Common sense says that you can understand and learn a lot about your business by spending time at the workplace, where the production is, where the customers are, where value is created.
That’s what we call the gemba in lean theory, the real place.
So why do we see so few CEO on the shop floor? How much of his time does a CEO spend on the gemba on average? Probably less than 10% although it should be at least 50%.
At Aramisauto, we have learnt to lead from the gemba. But this learning process has been long and difficult!
Aramisauto has been created in 2001 and has developed a unique system of buying and selling cars in France. We sell new and used cars, mainly over the internet but also operate 30 points of sale in France and a refurbishing facility to offer high quality used cars. Since 2017 we have developed operations in Spain and Belgium too.
When we first started our company, everything was gemba: with very few employees, you are connected to your customers, to your sales, to your purchasing department (in fact, you are the purchasing department).
But as the company grows, month after month, and you learn to delegate, you lose contact with reality, this magic touch. And you end up “leading” your company from the boardroom where middle management comes to report on how things work and how things don’t and what they plan to do to fix it. And you get this sinking feeling that, even though you trust your teams, reality is probably not what they tell you with PowerPoint.
At this stage, going to the gemba becomes difficult for the CEO and the executive committee. They don’t feel welcome, they don’t feel this is useful time spent. Many CEOs will tell you they spend time on the floor. But those visits are often tourist or diplomatic visits. Kings of old touring their lands. Everything is perfectly prepared: problems and difficulties are hidden, and a slideshow is ready to explain how the team succeeds. Half of the time is spent in the meeting room; and at the end of the visit, if everything went well, the CEO congratulates the team and feels satisfied for his good work visiting his teams.
Does it give him a good idea of how the business goes and of how to help people to better serve their customers? Not really.
In 2016 when we really started our lean transformation (I mean when we started to work with a sensei and stopped consultants), we asked our teams to write their problems and our customers’ problems on boards at the workspace. Then we encouraged them to display (still on boards, not on computers) the flow of their activity. Finally, we asked them to display kaizen (improvement projects) they were working on. In almost every team, this ended with the creation of an obeya room.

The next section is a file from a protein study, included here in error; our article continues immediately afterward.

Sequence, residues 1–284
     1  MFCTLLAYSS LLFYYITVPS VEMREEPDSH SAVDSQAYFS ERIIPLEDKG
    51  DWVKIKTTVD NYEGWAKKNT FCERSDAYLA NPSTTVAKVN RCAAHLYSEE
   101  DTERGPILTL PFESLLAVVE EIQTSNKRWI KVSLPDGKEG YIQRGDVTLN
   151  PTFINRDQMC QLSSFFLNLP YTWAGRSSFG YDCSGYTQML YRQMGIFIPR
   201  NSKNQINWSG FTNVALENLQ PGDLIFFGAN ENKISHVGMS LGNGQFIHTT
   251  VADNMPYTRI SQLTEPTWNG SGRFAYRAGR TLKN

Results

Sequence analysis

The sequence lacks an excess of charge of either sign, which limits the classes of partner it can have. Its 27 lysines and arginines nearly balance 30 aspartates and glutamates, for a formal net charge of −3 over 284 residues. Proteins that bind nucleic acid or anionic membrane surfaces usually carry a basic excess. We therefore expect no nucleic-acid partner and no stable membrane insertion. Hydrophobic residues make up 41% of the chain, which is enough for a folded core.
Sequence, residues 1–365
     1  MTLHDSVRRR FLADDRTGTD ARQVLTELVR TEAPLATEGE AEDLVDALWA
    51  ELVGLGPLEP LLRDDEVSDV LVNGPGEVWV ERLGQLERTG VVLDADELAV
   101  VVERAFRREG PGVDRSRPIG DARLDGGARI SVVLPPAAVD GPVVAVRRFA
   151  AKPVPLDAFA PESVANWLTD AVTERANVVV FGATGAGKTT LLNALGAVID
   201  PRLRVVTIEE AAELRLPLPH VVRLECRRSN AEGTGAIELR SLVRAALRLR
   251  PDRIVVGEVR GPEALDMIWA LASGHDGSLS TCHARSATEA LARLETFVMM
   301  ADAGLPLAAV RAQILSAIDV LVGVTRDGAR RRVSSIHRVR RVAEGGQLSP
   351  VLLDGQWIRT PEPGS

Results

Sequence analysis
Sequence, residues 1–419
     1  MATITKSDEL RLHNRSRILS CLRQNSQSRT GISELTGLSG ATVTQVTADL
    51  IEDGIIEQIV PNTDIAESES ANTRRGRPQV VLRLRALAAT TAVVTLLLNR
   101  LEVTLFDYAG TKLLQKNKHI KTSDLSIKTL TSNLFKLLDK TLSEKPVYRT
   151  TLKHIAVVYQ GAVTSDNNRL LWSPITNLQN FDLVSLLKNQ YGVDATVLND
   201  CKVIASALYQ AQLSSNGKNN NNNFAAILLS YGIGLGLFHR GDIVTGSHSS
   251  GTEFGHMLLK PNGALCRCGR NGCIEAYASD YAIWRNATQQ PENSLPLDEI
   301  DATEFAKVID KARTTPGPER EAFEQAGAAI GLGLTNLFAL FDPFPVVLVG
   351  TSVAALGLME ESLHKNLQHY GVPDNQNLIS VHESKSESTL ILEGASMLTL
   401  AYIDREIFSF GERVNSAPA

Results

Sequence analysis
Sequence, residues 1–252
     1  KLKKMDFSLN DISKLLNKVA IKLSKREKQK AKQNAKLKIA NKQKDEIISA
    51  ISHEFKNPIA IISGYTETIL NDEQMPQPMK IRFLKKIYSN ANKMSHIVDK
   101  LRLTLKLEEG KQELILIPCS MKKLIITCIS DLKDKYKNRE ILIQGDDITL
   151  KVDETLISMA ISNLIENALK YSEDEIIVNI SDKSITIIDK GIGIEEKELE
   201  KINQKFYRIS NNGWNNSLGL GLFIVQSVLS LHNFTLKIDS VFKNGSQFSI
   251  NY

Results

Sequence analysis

Then the magic happened!
Now, in our gemba walks we can have deeper conversations with our teams. We understand better what they are working on, what their problems are, how they work on our customers’ problems. Those boards are their every-day opportunities to drive activity and projects. As opposed to PowerPoint presentations, the boards don’t lie.
These boards became the starting points to deep discussions to understand better how to help our people to do better for our customers.
Another thing we always do on the gemba: deep dives. Starting with the problems we read on the boards, we go to the floor to observe how things are really happening. This can apply to how we welcome customers in our point of sales (then we can spend hours just observing what really happens when customers enter the point of sales) or how we change a wheel on a car in our refurbishing facility.
We do this until everybody shares the same vision of what really happens. More often than not, this is different from what people first told us. These deep dives have become the source of our strategic challenges.
I was recently in one of our point of sales, in Montpellier, and once again could experience this Magic of the gemba. As you can expect in that kind of business, the team was very concerned about succeeding in welcoming the customers. That led them to work on a project to better welcome their customer when arriving on the point of sales. They started to explain us what they where working on from a kaizen board in their meeting room. Interesting, thanks to this visual board, we could have explanations on what they are working on and what they had in mind. This was a very good tool to start the conversation with the team.
But we were not convinced by what they were explaining us, that was not clear enough.
So we decided to go and see at the floor how things were really happening. We then discovered a very different reality from what was first explained on the boards. Customers were not welcomed twice the same way, the waiting time was longer than expected, and we saw many other abnormalities! But as we were all sharing the same experience, there was no discussion about the reality and the team and the management could quickly reach a consensus on what was going wrong and on what they must work on first.
That’s where the Magic is: from the gemba and the reality that it is far easier to align the team on the real problem they have to work on. And this leads the to the right things to do, without any order or instruction to be given.
To reconnect with the reality of your business, go to the gemba. But first ask your people to display and visualize their flow, and you will discover unexpected opportunities for growth. We did!